<hardware, memory management> (MMU, "Paged Memory Management Unit", PMMU) A hardware device or circuit that supports virtual memory and paging by translating virtual addresses into physical addresses.
The virtual address space (the range of addresses used by the processor) is divided into pages, whose size is 2^N, usually a few kilobytes. The bottom N bits of the address (the offset within a page) are left unchanged. The upper address bits are the (virtual) page number. The MMU contains a page table which is indexed (possibly associatively) by the page number. Each page table entry (PTE) gives the physical page number corresponding to the virtual one. This is combined with the page offset to give the complete physical address.
A PTE may also include information about whether the page has been written to, when it was last used (for a least recently used replacement algorithm), what kind of processes (user mode, supervisor mode) may read and write it, and whether it should be cached.
It is possible that no physical memory (RAM) has been allocated to a given virtual page, in which case the MMU will signal a "page fault" to the CPU. The operating system will then try to find a spare page of RAM and set up a new PTE to map it to the requested virtual address. If no RAM is free it may be necessary to choose an existing page, using some replacement algorithm, and save it to disk (this is known as "paging"). There may also be a shortage of PTEs, in which case the OS will have to free one for the new mapping.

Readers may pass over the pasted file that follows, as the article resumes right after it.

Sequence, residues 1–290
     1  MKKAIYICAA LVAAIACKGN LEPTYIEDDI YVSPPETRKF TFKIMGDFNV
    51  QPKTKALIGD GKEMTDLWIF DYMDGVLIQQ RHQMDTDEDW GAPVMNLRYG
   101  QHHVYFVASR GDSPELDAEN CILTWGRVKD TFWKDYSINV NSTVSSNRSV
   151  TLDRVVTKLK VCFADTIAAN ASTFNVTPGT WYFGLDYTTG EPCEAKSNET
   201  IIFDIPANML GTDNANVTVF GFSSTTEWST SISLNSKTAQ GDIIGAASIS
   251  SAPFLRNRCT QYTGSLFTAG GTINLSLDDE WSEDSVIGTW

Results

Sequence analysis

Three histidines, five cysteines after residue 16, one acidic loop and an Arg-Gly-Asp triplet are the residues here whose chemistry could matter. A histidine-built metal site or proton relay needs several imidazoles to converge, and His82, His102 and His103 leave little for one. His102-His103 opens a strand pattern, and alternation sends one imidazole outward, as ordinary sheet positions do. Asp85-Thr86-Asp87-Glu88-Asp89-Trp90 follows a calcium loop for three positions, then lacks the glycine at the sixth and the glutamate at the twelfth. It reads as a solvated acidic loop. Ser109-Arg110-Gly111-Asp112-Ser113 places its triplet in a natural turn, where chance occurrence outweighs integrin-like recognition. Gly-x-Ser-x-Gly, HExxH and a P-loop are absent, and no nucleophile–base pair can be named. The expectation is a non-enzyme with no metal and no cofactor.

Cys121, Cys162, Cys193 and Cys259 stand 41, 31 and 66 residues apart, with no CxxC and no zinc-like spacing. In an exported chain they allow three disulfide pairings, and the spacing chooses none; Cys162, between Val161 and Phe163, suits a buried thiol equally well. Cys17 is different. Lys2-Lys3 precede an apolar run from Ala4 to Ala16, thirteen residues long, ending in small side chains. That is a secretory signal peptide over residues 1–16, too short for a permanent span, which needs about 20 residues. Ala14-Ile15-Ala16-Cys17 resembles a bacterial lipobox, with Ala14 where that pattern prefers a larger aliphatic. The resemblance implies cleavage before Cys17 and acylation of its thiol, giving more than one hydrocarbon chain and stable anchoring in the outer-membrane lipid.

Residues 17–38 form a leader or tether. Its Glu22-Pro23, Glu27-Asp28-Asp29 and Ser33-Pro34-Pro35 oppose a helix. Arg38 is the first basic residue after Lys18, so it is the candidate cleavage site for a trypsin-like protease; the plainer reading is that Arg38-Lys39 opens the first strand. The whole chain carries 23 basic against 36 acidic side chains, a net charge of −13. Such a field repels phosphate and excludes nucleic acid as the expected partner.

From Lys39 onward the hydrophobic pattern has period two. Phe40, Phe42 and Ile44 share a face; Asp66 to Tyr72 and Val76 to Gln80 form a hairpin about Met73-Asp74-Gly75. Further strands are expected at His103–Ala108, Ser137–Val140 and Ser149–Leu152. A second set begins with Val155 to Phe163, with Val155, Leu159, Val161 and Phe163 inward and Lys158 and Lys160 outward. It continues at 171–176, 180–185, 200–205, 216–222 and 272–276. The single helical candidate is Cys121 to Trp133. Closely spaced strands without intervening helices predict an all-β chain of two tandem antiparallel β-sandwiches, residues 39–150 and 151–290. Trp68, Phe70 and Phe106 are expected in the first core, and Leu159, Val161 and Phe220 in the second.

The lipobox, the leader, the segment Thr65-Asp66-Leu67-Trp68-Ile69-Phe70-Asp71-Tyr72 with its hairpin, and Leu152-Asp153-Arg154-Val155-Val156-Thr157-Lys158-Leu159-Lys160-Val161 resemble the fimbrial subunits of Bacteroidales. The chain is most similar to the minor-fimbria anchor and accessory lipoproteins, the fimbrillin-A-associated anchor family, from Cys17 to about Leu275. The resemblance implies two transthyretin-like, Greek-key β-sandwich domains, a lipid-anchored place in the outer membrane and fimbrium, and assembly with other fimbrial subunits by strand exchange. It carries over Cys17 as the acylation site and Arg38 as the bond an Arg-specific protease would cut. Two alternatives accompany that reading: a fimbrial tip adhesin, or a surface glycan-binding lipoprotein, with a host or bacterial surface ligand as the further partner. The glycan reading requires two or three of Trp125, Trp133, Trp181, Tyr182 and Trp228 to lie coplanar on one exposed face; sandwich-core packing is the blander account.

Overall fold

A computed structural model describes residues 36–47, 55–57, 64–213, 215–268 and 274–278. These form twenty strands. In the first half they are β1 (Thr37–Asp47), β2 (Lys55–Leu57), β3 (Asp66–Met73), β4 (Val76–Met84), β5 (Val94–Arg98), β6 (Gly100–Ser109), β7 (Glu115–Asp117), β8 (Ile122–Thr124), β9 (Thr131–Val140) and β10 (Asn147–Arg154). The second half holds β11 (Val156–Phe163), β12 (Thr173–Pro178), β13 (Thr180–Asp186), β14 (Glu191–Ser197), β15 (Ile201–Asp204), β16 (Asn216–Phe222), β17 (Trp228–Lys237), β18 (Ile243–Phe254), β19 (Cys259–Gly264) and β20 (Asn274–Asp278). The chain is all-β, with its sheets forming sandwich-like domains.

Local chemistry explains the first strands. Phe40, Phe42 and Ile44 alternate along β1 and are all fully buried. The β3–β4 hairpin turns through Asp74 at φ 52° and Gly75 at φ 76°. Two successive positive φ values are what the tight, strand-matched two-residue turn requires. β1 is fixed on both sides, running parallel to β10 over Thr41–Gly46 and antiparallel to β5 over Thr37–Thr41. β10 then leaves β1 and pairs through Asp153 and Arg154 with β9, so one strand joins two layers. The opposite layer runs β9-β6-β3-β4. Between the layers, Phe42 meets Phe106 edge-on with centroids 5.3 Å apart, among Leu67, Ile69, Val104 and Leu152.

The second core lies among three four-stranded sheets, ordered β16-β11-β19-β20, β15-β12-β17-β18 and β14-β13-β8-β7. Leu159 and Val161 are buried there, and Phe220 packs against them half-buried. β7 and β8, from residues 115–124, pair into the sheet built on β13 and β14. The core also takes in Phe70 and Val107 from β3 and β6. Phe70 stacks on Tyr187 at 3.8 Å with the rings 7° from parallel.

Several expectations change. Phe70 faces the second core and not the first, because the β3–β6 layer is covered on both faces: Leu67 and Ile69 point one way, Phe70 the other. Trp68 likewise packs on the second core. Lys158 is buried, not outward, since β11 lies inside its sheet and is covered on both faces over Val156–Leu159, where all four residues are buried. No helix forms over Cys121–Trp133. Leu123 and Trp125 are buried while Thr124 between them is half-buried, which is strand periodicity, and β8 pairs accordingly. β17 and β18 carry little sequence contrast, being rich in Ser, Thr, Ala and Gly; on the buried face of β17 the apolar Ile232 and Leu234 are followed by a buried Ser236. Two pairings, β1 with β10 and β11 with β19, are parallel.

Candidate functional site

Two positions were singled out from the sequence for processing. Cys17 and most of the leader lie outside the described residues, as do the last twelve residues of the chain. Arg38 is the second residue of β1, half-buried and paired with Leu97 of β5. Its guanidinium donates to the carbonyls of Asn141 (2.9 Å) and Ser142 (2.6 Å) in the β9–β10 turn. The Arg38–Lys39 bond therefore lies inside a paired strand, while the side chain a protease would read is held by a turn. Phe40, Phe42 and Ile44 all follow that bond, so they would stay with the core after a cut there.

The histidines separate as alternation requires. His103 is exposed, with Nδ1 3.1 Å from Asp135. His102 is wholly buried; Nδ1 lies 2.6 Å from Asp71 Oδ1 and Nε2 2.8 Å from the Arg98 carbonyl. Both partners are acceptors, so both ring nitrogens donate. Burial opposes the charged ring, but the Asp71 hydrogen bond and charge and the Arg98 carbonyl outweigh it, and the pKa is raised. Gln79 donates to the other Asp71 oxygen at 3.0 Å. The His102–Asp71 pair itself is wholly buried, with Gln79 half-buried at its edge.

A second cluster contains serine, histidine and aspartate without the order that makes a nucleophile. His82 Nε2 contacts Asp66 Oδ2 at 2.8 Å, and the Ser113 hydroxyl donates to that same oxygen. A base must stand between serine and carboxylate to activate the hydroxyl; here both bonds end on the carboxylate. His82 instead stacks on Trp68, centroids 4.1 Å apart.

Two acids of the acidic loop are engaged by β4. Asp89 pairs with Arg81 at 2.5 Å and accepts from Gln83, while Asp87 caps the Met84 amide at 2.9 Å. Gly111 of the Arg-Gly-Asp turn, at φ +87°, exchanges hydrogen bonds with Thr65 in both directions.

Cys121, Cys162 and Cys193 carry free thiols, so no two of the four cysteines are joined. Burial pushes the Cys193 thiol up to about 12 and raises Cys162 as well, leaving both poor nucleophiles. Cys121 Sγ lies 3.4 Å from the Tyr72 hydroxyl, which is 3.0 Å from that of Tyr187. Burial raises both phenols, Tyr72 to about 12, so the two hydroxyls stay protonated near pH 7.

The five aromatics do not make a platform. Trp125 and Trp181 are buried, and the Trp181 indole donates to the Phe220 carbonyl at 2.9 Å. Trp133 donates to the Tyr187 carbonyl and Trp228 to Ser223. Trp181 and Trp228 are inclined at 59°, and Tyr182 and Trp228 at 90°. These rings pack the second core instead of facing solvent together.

In a multitasking system all processes compete for the use of memory and of the MMU. Some memory management architectures allow each process to have its own area or configuration of the page table, with a mechanism to switch between different mappings on a process switch. This means that all processes can have the same virtual address space rather than require load-time relocation.
An MMU also solves the problem of fragmentation of memory. After blocks of memory have been allocated and freed, the free memory may become fragmented (discontinuous) so that the largest contiguous block of free memory may be much smaller than the total amount. With virtual memory, a contiguous range of virtual addresses can be mapped to several non-contiguous blocks of physical memory.
In early designs memory management was performed by a separate integrated circuit such as the MC 68851 used with the Motorola 68020 CPU in the Macintosh II or the Z8015 used with the Zilog Z80 family of processors. Later CPUs such as the Motorola 68030 and the ZILOG Z280 have MMUs on the same IC as the CPU.